If not present, a default input key file named security-key.dat is expected.

-e

Enables unanimous adjudication during authorization.

 
-P

PropertyFilePath is the fully qualified path to a secgen property file which you can use to customize provider configurations.

See Section C.5.3, "Using the secgen Properties File" for details.

A SecGenTemplate.properties template file is located at ORACLE_CEP_HOME/ocep_11.1/bin where ORACLE_CEP_HOME is the main installation directory of Oracle Event Processing, such as /oracle_cep.


C.5.2 Generating a Key File

Use the following command line options to generate a security key file.

secgen [-k] [-o outputfile] 

where:

Table C-4 secgen Arguments for a Key File

Option Description Comments
-k

Generate a key file; mutually exclusive with the -F option.

If not present, -k is assumed.

-o

outputfile is the name for the generated file.

Default output file name is security-key.dat.


C.5.3 Using the secgen Properties File

When running secgen, you can use the -P option to specify a property file to customize provider configurations. A SecGenTemplate.properties template file is located in ORACLE_CEP_HOME/ocep_11.1/bin where ORACLE_CEP_HOME is the main installation directory of Oracle Event Processing, such as /oracle_cep.

You specify cleartext passwords the property file; however, these passwords will be stored encrypted in the generated configuration file.

The following example shows a property file used for file based provider customization:

#File based provider related
file.atn.file.store.path=myfileatnstore.txt
file.atn.file.store.password=firewall
file.atn.user.password.style=HASHED
file.atn.file.store.encrypted=true
file.atz.file.store.path=filatz
file.atz.file.store.password=firewall
file.rm.file.store.path=filerm
file.rm.file.store.password=firewall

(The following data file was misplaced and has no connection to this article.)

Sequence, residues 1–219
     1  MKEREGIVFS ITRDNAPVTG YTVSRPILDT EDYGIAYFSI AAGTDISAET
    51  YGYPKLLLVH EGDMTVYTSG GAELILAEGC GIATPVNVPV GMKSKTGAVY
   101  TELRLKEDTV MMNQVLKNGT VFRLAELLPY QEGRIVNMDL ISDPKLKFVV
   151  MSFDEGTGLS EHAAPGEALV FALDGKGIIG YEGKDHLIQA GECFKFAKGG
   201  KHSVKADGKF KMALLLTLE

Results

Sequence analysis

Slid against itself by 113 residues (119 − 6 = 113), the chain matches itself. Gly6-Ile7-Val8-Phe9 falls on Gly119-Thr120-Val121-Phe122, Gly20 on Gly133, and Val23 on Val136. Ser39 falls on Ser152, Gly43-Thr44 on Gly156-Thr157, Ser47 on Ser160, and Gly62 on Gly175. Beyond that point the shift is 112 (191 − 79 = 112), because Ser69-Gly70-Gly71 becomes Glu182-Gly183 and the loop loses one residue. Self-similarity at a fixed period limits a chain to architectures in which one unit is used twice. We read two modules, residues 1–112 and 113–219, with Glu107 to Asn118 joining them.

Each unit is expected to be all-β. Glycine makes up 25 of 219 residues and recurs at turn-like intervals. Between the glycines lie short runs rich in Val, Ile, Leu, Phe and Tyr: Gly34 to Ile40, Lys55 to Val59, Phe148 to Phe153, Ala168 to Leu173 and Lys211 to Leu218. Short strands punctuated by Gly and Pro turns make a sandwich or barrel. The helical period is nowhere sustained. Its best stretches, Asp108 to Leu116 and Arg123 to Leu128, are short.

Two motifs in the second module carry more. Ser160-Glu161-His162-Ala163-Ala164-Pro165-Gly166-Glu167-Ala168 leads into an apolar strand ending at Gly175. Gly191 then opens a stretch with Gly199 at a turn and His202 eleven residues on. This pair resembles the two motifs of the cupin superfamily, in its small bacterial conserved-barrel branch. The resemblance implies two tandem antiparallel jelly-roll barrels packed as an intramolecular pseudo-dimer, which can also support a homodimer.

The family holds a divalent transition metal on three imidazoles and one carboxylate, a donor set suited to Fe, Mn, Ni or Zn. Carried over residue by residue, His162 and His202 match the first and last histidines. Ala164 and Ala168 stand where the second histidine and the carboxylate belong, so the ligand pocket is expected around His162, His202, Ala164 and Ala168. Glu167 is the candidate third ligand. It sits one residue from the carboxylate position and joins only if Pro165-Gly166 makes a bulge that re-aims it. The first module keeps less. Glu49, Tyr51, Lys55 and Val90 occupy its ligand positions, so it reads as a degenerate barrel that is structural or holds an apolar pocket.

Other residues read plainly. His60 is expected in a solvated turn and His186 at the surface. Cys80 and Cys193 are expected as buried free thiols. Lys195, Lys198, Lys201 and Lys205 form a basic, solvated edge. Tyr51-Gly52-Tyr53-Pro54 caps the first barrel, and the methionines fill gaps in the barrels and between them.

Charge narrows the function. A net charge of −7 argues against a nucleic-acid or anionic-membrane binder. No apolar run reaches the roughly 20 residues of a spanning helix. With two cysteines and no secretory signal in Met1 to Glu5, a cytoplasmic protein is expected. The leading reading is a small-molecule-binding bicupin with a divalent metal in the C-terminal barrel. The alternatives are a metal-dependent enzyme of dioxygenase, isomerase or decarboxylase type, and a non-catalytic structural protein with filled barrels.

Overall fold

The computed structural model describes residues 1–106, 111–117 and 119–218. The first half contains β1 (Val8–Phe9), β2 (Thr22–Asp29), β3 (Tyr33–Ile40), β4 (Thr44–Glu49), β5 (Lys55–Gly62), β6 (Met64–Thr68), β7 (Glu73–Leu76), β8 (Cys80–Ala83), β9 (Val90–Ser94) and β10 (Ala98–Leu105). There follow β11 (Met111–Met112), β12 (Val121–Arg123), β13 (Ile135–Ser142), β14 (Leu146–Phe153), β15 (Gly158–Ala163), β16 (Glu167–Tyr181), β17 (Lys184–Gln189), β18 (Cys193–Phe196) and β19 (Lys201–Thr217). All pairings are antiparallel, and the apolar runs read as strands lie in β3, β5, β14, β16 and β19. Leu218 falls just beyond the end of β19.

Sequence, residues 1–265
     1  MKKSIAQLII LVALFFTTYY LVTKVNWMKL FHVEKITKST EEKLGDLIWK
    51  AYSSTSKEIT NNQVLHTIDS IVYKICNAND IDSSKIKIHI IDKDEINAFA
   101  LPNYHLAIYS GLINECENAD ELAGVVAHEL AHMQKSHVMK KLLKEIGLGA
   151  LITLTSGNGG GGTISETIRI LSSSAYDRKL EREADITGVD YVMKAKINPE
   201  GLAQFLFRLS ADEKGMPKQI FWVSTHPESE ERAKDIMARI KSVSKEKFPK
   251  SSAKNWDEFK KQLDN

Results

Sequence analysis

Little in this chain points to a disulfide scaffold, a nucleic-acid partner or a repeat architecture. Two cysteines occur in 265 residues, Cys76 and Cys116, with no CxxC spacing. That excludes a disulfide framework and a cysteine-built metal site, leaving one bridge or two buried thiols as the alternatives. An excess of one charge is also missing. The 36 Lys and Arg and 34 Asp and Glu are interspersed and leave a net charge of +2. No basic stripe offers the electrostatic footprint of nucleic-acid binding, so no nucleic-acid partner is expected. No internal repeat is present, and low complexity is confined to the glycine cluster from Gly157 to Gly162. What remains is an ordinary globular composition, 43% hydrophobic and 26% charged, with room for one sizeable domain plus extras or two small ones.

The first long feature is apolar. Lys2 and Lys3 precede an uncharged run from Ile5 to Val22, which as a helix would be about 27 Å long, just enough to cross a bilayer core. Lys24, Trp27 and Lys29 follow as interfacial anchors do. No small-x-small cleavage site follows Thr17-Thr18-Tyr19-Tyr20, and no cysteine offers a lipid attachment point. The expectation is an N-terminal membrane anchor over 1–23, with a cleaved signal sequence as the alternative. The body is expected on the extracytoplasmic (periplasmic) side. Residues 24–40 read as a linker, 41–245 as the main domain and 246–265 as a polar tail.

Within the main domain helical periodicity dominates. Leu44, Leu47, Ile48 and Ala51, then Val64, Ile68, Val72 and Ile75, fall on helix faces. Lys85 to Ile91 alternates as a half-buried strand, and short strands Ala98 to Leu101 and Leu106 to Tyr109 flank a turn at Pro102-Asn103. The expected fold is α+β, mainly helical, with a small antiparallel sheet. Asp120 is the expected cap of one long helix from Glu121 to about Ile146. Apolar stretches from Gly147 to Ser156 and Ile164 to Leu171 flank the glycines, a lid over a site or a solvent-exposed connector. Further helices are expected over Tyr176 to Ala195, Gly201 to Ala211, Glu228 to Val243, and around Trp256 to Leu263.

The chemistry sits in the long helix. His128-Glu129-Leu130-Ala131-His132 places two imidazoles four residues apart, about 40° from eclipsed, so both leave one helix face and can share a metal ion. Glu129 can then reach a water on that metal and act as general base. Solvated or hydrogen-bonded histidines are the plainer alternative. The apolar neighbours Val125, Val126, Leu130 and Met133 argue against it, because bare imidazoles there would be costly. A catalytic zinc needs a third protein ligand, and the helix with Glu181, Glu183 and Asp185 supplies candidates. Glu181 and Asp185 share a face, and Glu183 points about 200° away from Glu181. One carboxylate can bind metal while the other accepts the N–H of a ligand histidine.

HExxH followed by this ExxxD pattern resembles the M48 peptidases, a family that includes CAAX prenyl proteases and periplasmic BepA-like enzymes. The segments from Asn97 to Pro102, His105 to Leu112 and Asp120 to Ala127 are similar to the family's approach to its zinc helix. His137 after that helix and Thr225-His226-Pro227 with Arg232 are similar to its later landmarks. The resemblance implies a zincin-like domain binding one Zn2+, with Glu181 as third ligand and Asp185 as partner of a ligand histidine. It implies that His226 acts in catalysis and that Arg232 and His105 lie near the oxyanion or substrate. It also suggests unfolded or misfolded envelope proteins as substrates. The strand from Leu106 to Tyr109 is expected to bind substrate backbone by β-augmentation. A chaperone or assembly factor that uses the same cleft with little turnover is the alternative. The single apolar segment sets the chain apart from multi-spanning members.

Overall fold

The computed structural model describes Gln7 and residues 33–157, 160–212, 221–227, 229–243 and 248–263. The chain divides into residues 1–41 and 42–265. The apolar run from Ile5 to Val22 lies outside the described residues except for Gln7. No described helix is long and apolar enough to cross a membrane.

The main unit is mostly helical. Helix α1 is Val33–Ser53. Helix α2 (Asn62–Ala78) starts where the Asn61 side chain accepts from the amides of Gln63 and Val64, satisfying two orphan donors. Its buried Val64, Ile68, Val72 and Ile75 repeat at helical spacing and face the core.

file.cm.file.store.path=filecm
file.cm.file.store.password=firewall

The legal values for file.atn.user.password.style are:

  • HASHED

  • REVERSIBLEENCRYPTED

C.5.4 Examples of Using secgen

The following example shows how to use the secgen utility to generate a key file with the name myKeyFile.dat:

prompt> secgen -k -o myKeyFile.dat

The following example shows how to use the secgen utility to generate a file-based security provider configuration file named myConfigFile.xml which also uses the previously generated key file, myKeyFile.dat, and a properties file named mySecGen.properties:

prompt> secgen -F -i myKeyFile.dat -o myConfigFile.xml -P  c:\msa\myMSAConfig\mySecGen.properties

C.5.5 Limitations of secgen

Windows operating systems must use the .cmd version of this utility, Unix platforms should use the .sh version.

The Unix version of this utility starts with the #!/bin/ksh directive. On most Unix systems, this forces the Korn Shell program to be used when using the utility. If the ksh program is not present in the bin directory or if the shell language used cannot properly execute the utility, run the utility as shown below:

prompt> $PATH_TO_KSH_BIN/ksh -c secgen.sh

where PATH_TO_KSH_BIN is the fully qualified path to the ksh program.